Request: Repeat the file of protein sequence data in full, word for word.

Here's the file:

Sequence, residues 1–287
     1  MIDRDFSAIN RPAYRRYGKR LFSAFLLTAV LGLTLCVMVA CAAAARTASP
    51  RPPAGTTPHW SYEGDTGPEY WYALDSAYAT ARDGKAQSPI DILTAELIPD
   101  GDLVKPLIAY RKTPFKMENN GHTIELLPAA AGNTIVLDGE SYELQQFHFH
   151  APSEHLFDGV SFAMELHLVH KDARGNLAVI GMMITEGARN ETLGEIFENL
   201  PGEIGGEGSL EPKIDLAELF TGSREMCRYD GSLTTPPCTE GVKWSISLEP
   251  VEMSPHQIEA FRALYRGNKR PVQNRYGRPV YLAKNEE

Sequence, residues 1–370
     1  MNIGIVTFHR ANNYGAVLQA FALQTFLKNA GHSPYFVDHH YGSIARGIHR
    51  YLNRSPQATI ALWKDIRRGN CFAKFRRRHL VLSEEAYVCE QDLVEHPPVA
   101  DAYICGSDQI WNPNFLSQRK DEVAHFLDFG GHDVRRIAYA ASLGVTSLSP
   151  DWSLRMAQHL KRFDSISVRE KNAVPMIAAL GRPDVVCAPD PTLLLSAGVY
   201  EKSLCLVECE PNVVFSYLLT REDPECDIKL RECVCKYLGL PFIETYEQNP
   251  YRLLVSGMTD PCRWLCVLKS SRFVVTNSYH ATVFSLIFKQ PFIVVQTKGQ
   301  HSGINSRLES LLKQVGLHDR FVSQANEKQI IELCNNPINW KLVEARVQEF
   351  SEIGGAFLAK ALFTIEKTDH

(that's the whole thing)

Sequence, residues 1–287
     1  MIDRDFSAIN RPAYRRYGKR LFSAFLLTAV LGLTLCVMVA CAAAARTASP
    51  RPPAGTTPHW SYEGDTGPEY WYALDSAYAT ARDGKAQSPI DILTAELIPD
   101  GDLVKPLIAY RKTPFKMENN GHTIELLPAA AGNTIVLDGE SYELQQFHFH
   151  APSEHLFDGV SFAMELHLVH KDARGNLAVI GMMITEGARN ETLGEIFENL
   201  PGEIGGEGSL EPKIDLAELF TGSREMCRYD GSLTTPPCTE GVKWSISLEP
   251  VEMSPHQIEA FRALYRGNKR PVQNRYGRPV YLAKNEE

Sequence, residues 1–370
     1  MNIGIVTFHR ANNYGAVLQA FALQTFLKNA GHSPYFVDHH YGSIARGIHR
    51  YLNRSPQATI ALWKDIRRGN CFAKFRRRHL VLSEEAYVCE QDLVEHPPVA
   101  DAYICGSDQI WNPNFLSQRK DEVAHFLDFG GHDVRRIAYA ASLGVTSLSP
   151  DWSLRMAQHL KRFDSISVRE KNAVPMIAAL GRPDVVCAPD PTLLLSAGVY
   201  EKSLCLVECE PNVVFSYLLT REDPECDIKL RECVCKYLGL PFIETYEQNP
   251  YRLLVSGMTD PCRWLCVLKS SRFVVTNSYH ATVFSLIFKQ PFIVVQTKGQ
   301  HSGINSRLES LLKQVGLHDR FVSQANEKQI IELCNNPINW KLVEARVQEF
   351  SEIGGAFLAK ALFTIEKTDH